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Dental Estimates Board

Volume 171: debated on Tuesday 1 May 1990

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To ask the Secretary of State for Health (1) what guidance he gives to the Dental Estimates Board regarding the choice between suggesting short-term financially cheaper treatment or long-term slightly more expensive treatment;(2) what guidance he gives to the Dental Estimates Board regarding due notice that it should take of the treatment plan submitted by the patient's dentist;(3) what representations he has received about the distress and discomfort caused to many patients by the length of time taken by the Dental Estimates Board to give decisions on dental treatment plans;

(4) what is the average time taken by the Dental Estimates Board to give a decision on a dental treatment plan; and if he will make a statement;

(5) how many complaints he received in each of the years (a) 1983, (b) 1984, (c) 1985, (d)1986, (e)1987, (f)1988 and (g)1989 regarding the length of time taken by the Dental Estimates Board to give decisions on treatment plans;

(6) how often procedures are reviewed by the Dental Estimates Board with regard to the length of time taken to reach decisions on dental treatment plans;

(7) how often the Dental Estimates Board reviews its procedures for the filing and retrieval of dental treatment plans.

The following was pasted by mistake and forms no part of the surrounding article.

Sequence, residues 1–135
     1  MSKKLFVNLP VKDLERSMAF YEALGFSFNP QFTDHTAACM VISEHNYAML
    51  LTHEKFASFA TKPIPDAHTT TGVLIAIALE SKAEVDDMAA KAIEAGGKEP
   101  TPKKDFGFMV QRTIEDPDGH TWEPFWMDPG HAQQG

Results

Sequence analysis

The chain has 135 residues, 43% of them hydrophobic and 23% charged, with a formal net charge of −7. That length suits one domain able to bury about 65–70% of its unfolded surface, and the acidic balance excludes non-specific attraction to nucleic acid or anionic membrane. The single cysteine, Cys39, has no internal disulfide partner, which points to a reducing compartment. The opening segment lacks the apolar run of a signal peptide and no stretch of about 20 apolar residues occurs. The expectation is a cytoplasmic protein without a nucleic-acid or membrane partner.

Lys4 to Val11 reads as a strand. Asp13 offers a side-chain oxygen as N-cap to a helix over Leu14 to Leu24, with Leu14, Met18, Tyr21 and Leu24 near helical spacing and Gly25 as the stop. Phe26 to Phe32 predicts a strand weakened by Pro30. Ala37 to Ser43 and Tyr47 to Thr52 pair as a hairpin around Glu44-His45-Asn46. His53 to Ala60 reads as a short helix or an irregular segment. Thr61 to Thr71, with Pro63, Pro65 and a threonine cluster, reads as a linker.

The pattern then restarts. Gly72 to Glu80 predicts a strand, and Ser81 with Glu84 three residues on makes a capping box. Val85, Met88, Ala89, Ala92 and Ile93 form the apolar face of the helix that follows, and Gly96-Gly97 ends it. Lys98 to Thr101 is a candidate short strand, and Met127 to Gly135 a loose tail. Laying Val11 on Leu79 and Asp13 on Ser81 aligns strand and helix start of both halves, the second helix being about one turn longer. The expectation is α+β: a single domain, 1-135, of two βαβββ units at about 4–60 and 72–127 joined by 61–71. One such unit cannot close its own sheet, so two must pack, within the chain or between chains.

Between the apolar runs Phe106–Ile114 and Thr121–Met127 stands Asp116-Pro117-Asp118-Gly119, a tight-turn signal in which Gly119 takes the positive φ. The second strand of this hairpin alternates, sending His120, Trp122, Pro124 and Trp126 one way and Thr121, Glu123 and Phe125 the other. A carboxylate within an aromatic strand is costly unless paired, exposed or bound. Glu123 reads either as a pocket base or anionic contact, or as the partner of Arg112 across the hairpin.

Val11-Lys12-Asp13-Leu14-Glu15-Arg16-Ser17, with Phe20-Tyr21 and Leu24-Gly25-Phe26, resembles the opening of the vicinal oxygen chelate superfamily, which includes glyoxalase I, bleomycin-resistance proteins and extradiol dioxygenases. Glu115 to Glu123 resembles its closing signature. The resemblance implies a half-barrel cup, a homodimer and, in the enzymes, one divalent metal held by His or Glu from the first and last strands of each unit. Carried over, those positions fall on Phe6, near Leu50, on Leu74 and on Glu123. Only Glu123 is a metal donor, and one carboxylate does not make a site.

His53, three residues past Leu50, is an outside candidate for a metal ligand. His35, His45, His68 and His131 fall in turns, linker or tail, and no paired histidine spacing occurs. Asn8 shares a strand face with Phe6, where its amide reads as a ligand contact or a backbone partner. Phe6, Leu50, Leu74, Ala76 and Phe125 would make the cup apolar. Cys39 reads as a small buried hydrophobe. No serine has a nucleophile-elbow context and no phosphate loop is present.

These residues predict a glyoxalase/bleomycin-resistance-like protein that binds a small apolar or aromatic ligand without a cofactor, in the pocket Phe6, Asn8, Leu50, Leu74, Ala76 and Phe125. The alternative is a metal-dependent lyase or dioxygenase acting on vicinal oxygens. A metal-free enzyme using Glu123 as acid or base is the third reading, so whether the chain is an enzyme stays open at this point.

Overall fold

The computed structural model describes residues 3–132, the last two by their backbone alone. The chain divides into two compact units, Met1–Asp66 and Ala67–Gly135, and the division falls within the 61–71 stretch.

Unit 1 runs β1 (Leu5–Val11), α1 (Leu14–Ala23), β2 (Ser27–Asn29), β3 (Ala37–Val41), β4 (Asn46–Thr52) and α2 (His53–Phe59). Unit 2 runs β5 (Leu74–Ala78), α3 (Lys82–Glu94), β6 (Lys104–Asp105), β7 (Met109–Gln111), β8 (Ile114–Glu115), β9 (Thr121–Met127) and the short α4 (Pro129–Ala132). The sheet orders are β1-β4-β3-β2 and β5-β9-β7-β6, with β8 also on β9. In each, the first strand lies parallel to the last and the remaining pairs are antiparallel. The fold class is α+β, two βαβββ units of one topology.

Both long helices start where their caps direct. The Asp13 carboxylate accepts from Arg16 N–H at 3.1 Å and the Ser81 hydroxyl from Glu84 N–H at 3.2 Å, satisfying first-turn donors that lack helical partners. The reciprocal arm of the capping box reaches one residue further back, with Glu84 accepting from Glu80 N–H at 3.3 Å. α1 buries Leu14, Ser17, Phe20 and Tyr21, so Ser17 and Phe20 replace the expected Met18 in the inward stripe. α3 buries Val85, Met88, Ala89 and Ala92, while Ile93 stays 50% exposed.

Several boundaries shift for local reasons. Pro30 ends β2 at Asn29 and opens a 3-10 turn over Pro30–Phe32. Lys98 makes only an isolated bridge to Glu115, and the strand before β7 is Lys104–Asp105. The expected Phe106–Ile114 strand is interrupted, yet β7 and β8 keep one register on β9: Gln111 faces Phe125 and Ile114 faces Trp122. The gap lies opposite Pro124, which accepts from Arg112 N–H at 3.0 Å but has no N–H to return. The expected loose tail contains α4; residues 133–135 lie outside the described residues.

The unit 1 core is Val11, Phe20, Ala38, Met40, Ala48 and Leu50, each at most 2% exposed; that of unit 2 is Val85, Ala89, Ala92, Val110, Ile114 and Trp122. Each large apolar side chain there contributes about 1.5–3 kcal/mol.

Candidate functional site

The Dental Practice Board (its name was changed from Dental Estimates Board with effect from 1 April 1989) is a statutory body, independent of the Department of Health. The board is required to consider all dental estimate forms submitted to it for approval of treatment or for approval of payment and may give or withhold approval as it thinks fit. Guidance of the type referred to by my hon. Friend is, therefore, not appropriate.The board keeps all of its internal operating procedures under routine review. For the last complete quarter to 31 March 1990 it responded to requests for approval of treatment in an average time of 14 calendar days. For the same quarter, in 98 per cent. of cases dentists were notified of the decision about payment by the first payment schedule following the request. The average time to notify dentists of a decision about payment was 26 calendar days, which reflects the fact that schedules are issued once each month.Information concerning representations and complaints about the time taken by the board to give decisions on treatment plans is not readily available. In particular, yearly statistics are not kept. Complaints are, however, very few in number and I am not aware of any specific representations concerning distress or discomfort to patients.